Psilocybin Revisited: The Science Behind the Drug and Its Surprising Therapeutic Potential.

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Author: Michael W. Jann
Date: Mar. 2021
From: Psychiatric Times(Vol. 38, Issue 3)
Publisher: Intellisphere, LLC
Document Type: Article
Length: 4,876 words
Lexile Measure: 1670L

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Psilocybin and psilocin are the main psychedelic agents of the psychoactive mushroom genus Psilocybe. (1) Historical and cultural use of these psychoactive mushrooms dates back 3000 years in Mexico and the Southwestern regional areas of the present-day United States. Scientifically, psilocybin was isolated and identified in 1958, synthesized in 1959, and used in various experimental research studies in the early 1960s. During that time, psilocybin and other psychedelic agents such as lysergic acid diethylamide (LSD) generated considerable controversy. Outside of recreational use, could they be used safely as therapeutic interventions?

The pharmaceutical company Sandoz ceased LSD and psilocybin manufacturing in 1965, and in 1970, the Controlled Substances Act placed psilocybin, LSD, and other psychedelic drugs under the Schedule I designation. (1,2) This action resulted in a cessation of research associated with these agents. The revival of research into psilocybin and LSD began 25 years later under strict restrictions, when preliminary findings displayed promising results for a variety of psychiatric disorders. In the past several years, there have been more research studies on psychedelics than at any previous time.

The FDA approved the psychedelic agent, esketamine nasal spray for treatment-resistant depression (TRD) in 2019; this opened the door to the novel therapeutic approaches of psychedelic agents. In 2018, the FDA designated psilocybin for TRD and 3,4-methylenedioxymethamphetamine (MDMA)-assisted psychotherapy for post traumatic stress disorder (PTSD) as breakthrough therapies. (3) Based on these recent studies and approvals, psilocybin may have a growing role in the treatment of TRD and other psychiatric disorders.

Psilocybin reportedly has a low abuse potential and yields no physical dependence, based on the 8 factors of the Controlled Substances Act. It was recommended to be rescheduled as a Controlled Substance Schedule IV drug with a risk evaluation mitigation strategy (REMS) if approved by the regulatory agencies. (4,5)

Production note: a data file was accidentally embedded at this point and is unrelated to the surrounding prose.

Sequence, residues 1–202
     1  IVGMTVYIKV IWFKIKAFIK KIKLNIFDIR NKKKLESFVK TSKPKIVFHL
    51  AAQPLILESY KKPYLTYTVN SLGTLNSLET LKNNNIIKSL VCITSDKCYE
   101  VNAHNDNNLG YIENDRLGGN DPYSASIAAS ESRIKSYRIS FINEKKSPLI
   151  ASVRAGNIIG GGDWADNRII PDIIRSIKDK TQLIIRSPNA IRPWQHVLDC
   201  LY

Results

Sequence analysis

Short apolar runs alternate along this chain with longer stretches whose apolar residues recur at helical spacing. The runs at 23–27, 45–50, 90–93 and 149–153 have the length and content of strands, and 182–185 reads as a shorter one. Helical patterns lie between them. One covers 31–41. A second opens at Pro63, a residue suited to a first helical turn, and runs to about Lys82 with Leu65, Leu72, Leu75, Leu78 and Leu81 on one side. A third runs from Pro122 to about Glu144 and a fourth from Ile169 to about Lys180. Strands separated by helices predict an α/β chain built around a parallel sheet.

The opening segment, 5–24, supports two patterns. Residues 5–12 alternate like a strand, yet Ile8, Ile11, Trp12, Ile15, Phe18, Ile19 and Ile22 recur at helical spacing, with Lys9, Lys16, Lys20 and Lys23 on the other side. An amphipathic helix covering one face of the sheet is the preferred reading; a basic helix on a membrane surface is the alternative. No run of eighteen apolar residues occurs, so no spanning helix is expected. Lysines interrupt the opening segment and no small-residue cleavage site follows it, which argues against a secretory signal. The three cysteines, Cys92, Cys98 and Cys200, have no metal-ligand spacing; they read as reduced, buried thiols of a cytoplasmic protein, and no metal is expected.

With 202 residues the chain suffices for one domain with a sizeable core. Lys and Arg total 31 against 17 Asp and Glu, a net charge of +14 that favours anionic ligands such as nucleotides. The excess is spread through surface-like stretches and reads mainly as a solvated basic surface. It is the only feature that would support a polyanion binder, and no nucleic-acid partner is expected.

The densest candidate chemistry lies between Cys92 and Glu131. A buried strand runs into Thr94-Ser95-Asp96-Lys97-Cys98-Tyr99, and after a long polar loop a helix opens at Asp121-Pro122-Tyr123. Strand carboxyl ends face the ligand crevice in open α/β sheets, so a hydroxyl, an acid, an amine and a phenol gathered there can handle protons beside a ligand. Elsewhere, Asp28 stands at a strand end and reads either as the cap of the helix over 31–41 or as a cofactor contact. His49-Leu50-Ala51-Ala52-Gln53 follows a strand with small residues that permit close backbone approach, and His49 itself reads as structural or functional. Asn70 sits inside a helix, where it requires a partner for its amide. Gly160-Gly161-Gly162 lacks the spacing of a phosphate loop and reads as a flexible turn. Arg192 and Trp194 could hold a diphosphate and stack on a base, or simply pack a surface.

The structures of psilocybin (O-phosphoryl-4-hydroxy-N,N-dimethyltryptamine) and its active metabolite psilocin (4-hydroxy-N,N-dimethyltryptamine) are shown in the Figure, and they both belong to the group of tryptamine/indolamine hallucinogens that are related to serotonin.1,6 Psilocybin can be considered a prodrug, as it is rapidly converted to psilocin in the gastrointestinal (GI) tract by alkaline phosphatase and nonspecific esterases, where 1.0 mol of psilocin is equal to 1.4 mol of psilocybin. (1) Psilocin is the active molecule that produces the pharmacologic effects of a selective agonist of serotonin (5-HT) receptors, which include 5-[HT.sub.1A], 5-[HT.sub.2A], 5-[HT.sub.2B], and 5-[HT.sub.2C] receptor subtypes. (1,7) Compared to other similar 4-OH substituted tryptamines, psilocin has the most potent binding affinity (Ki) for 5-[HT.sub.2A] receptors (6.0 nM), 5-[HT.sub.2C] receptors (10 nM), and to a lesser extent, 5-[HT.sub.2B] receptors (410 nM). (1,8)

Preclinical studies have shown that 5-HT2A receptor activation in the cortical and subcortical structures is the unifying mechanism by which psychedelics exert their hallucinogenic and other assorted psychological actions. (7) Depending upon the dose used, the specific psychedelic agent, and possibly, the 5-HT2A receptor density in the different neuronal areas, psilocybin and other psychedelic agents can exert different modulatory actions across the various cortical regions. The administration of ketanserin (a 5-HT2A...

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